The physical design of the capacitor will also react differently to negative voltages. Standard ceramic capacitors won't care about negative voltages as long as the amplitude is within their design parameters. If your capacitor is polarized - like a tantalum or electrolytic capacitor - a negative voltage for an extended period will make it explode (although a small transient like what you have pictured is probably just fine)

You might also look into a Coulomb Counter for your design - they're designed to track the charge of batteries, but some are extremely accurate and will factor in their own consumption.

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Will the capacitor voltage increase is positive or negative?

The capacitor voltage becomes negative. There is nothing surprising or complicated about this. All voltages are measured relative to an arbitrarily chosen reference potential, so negative voltages are entirely common and a normal part of circuit analysis.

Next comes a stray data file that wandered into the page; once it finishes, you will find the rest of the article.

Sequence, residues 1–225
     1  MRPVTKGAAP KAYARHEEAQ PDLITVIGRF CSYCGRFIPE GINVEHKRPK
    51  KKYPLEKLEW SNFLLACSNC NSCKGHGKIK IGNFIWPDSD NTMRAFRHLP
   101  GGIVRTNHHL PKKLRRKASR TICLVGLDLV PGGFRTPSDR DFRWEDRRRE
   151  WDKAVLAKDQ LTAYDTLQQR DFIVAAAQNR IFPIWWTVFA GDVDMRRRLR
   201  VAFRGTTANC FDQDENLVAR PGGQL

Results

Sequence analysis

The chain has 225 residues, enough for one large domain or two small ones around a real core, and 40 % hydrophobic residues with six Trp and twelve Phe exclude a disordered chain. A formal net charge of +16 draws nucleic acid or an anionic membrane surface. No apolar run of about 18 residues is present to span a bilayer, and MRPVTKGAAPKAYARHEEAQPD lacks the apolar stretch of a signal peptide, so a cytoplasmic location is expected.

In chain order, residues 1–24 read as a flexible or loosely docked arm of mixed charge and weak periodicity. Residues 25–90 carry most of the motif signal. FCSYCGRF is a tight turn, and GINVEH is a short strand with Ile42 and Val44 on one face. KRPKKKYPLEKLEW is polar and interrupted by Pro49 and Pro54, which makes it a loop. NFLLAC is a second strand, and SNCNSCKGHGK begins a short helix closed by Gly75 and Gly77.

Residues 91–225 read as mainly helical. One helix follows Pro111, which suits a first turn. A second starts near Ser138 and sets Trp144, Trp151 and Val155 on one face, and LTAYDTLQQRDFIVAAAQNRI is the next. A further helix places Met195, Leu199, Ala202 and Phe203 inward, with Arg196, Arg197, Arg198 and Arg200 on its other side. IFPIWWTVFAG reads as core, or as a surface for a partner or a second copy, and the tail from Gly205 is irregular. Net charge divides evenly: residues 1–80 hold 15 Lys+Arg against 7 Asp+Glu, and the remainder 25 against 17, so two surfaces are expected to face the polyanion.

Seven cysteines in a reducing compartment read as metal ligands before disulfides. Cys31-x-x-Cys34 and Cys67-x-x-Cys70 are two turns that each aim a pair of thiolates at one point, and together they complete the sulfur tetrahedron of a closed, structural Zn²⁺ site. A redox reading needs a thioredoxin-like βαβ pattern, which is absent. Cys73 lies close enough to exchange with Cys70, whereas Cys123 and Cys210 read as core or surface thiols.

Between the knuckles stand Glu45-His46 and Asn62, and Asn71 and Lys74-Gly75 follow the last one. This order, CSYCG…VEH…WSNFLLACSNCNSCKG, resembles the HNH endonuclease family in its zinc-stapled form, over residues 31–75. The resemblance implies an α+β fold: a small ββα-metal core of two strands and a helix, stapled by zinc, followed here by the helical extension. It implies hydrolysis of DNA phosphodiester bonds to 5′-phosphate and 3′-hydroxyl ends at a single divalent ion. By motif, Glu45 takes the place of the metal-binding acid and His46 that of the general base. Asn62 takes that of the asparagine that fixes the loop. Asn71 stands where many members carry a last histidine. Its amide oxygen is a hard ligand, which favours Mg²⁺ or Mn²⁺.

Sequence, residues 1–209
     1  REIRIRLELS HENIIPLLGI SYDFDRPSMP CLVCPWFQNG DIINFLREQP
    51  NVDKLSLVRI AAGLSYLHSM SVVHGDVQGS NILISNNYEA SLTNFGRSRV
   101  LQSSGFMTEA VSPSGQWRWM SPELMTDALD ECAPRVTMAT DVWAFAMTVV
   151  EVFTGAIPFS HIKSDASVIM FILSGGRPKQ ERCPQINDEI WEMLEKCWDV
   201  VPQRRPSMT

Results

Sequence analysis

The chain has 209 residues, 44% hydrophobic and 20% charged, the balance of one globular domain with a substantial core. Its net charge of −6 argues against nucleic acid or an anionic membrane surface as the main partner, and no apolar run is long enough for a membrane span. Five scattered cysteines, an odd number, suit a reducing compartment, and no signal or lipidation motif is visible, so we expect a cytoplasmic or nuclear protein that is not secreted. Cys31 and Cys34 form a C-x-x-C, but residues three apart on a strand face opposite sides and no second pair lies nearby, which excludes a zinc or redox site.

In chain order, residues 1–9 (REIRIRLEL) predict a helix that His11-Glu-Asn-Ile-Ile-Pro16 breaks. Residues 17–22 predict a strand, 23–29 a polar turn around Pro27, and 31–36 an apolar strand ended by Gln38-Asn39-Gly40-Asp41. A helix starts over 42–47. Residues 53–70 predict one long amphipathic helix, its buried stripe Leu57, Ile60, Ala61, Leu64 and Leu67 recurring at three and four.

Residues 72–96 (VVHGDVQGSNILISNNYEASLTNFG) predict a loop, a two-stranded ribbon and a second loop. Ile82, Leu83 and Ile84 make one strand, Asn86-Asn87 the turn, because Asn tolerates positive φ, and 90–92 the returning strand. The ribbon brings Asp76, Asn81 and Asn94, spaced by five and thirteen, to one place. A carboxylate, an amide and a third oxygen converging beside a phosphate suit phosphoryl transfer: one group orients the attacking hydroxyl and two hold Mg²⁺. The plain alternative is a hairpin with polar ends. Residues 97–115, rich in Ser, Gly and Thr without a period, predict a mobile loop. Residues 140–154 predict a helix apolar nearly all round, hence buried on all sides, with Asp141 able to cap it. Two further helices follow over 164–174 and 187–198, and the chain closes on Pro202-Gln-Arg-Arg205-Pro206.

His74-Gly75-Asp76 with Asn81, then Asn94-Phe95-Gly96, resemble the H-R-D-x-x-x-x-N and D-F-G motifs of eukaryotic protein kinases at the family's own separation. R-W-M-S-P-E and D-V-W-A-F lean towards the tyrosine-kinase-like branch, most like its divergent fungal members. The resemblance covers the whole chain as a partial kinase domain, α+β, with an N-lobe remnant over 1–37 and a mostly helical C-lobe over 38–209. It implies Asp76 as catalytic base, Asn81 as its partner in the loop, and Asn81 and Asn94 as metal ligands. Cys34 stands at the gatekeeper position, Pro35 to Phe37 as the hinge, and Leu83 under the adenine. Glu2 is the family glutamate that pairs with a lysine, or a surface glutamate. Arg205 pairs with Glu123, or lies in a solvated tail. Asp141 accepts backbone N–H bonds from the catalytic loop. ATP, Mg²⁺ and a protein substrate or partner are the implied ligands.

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  • \$\begingroup\$ yes, I can understand your answer. But the signal is just a bunch of charges. and the pulse is negative because the charges are electron. then capacitor is a charge storage device right then why its went to negative \$\endgroup\$ May 19, 2020 at 14:57
  • \$\begingroup\$ @krishnamoorthijayakumar, because the capacitor plate with an excess of negative charge is negatively charged relative to the plate with an excess of positive charge. \$\endgroup\$
    – The Photon
    May 19, 2020 at 15:00
  • \$\begingroup\$ but as per my design If the capacitor voltage is increased positively that will be better \$\endgroup\$ May 19, 2020 at 15:01